An aging cop's last chance to redeem his soured existence provides the sturdy frame for "16 Blocks," a movie by Richard Donner that's closer to a compact film noir than to the gimmicky entertainments of the vet director's past.
An aging cop’s last chance to redeem his soured existence provides the sturdy frame for “16 Blocks,” a movie by Richard Donner that’s closer to a compact film noir than to the many gimmicky entertainments of the vet director’s past. Told mostly in real time, pic sticks to its guns as a spare account of how a routine transport of a witness to a courtroom turns into a chaotic cat-and-mouse chase, with police criminality at its core. Dramatic strength of Bruce Willis playing a worn-out cop will present commercial challenges in snaring a youth-oriented opening weekend crowd, but vid should pick up the slack.
Not that it ever rises to the level of Sidney Lumet’s Gotham police pics (“Serpico,” “Prince of the City”), but “16 Blocks” does raise the banner for the tradition of the textured urban cop drama, spurred by action but made substantial by characters at crossroads. Almost as a dare to auds fed on non-stop movement and thrills, Donner (with key ace collaboration from editor Steven Mirkovich) intros tale in a slow, steady rhythm, cued to the pace of fatigued cop Jack Mosley (Willis).
Lumbering up a flight of stairs, slumping into a sofa or considering another swig of hooch, Willis’ Jack is palpably a man who’s tired of life, let alone his beat on the New York force. Opening scene of Jack waiting at the crime scene for detectives has nothing to do with the central story, and everything to do with setting the mood of Jack’s bedraggled existence.
Back at the office, though, Jack is asked to transport Eddie Bunker (Mos Def), in jail for a petty crime but ready to testify in a trial, to the downtown courtroom by 10 a.m. With roughly 90 minutes’ lead time, Jack starts driving Eddie the 16 blocks between the police station and the court. It’s not long before Jack is up to here with Eddie’s non-stop chatter and with the street traffic, so he pulls over to buy some booze in a liquor store.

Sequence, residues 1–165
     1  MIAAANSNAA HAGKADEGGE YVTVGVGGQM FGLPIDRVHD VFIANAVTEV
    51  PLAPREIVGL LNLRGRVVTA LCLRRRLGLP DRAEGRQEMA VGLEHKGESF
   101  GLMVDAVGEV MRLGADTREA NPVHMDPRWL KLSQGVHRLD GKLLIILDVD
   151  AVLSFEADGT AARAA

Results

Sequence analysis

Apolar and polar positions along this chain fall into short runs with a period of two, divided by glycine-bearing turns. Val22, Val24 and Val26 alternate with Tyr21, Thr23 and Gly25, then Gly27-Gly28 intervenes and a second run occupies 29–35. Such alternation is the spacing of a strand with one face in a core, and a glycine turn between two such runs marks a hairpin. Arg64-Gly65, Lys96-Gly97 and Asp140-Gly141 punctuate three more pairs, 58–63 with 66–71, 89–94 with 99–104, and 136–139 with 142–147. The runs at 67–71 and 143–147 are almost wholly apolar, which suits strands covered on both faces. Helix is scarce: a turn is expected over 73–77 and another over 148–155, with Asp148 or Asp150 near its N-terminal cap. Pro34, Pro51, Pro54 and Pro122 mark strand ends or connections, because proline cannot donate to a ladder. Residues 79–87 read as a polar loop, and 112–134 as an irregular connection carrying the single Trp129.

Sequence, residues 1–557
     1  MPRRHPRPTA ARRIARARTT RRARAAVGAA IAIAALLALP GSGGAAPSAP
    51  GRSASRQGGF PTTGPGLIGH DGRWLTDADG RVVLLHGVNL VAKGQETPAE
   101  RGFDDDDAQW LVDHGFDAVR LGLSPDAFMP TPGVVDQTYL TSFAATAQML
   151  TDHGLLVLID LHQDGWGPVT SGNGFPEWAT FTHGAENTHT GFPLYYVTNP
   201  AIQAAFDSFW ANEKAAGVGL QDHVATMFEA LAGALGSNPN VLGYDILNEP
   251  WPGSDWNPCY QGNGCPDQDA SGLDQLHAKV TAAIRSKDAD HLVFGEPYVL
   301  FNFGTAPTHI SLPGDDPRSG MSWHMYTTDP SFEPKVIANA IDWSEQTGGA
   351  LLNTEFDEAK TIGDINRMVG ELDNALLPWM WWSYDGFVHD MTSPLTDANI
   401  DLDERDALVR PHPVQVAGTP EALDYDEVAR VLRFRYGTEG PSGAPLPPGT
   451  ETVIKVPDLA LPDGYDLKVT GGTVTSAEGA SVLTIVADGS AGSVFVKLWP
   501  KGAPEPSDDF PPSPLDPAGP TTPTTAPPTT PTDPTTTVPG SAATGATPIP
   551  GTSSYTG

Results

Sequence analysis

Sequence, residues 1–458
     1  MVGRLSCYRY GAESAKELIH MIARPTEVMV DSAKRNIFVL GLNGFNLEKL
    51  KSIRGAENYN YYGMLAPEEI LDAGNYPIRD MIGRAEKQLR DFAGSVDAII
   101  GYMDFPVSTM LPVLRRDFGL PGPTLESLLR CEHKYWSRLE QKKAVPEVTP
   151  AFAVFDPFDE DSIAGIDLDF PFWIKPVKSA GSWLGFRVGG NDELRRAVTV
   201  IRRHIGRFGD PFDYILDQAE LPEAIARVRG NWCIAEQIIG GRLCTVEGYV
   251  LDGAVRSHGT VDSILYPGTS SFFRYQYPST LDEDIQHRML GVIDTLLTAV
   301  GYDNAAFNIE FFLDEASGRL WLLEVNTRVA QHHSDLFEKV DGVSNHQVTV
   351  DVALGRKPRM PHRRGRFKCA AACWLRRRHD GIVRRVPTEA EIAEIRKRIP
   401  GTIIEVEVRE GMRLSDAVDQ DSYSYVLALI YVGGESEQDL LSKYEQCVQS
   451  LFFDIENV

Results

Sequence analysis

Pic swivels on its axis at this point, as Jack leaves the store and shoots a suspicious man trying to make Eddie roll down the back seat window of the car. Eluding more gunfire, Jack takes Eddie to his favorite Mulberry Street bar and calls for backup, only to find his 20-year-long partner Frank Nugent (David Morse) arrive with some fellow detectives.
Rather than help get Eddie to the court though, Frank intends to have Eddie — a witness to bloody acts by some of New York’s finest — executed to stop him from testifying against him and several other colleagues.
His conscience clicking into gear, Jack shoots some of his own to free Eddie, setting off the chase’s checkered flag. Although the script of “16 Blocks” can be broken down as merely a set of action pieces in which Jack and Eddie flee Frank, get cornered and flee again, Richard Wenk’s screenplay is fundamentally about something else: A seemingly hollowed-out man, eaten away inside by his own moral rot, is allowed to become a reluctant hero who can set things right.
Frequently, reminders surface of such finely crafted Gotham thrillers as “The Taking of Pelham One Two Three,” especially in Wenk’s balancing of the realities of city life with plentiful humorous inserts and Donner’s commitment to driving the film constantly forward but within the bounds of logic. One aspect that detracts from the overall effect is the decision to have Def’s Eddie not just blabber on without an internal pause button, but often behave dangerously close to the stereotype of the dim, shuffling black man out of Hollywood’s sorry past.
Despite this notable problem, Def is nevertheless charming, though his projection of innocence (Eddie’s humble dream is to open his own bakery) seems a calculated contrast with the nefarious and heartless white cop played with characteristic focus and intensity by the highly reliable Morse. Measured by sheer amount of dialogue, Def’s role is infinitely larger than Willis’, but Willis–who was once the chief yakker in his movies and TV shows–finds real nobility and depth of purpose with a character for whom every word (the fewer, the better) counts.
Toronto visibly subs for New York during much of the chase, the only technical flaw in an otherwise ultra-pro production. Glen Macpherson’s widescreen lensing and desaturated color scheme are exceptionally devised, and Klaus Badelt, once known for musical bombast, delivers one of his most muted and understated scores. Producer counters will note the 16 individuals so credited here.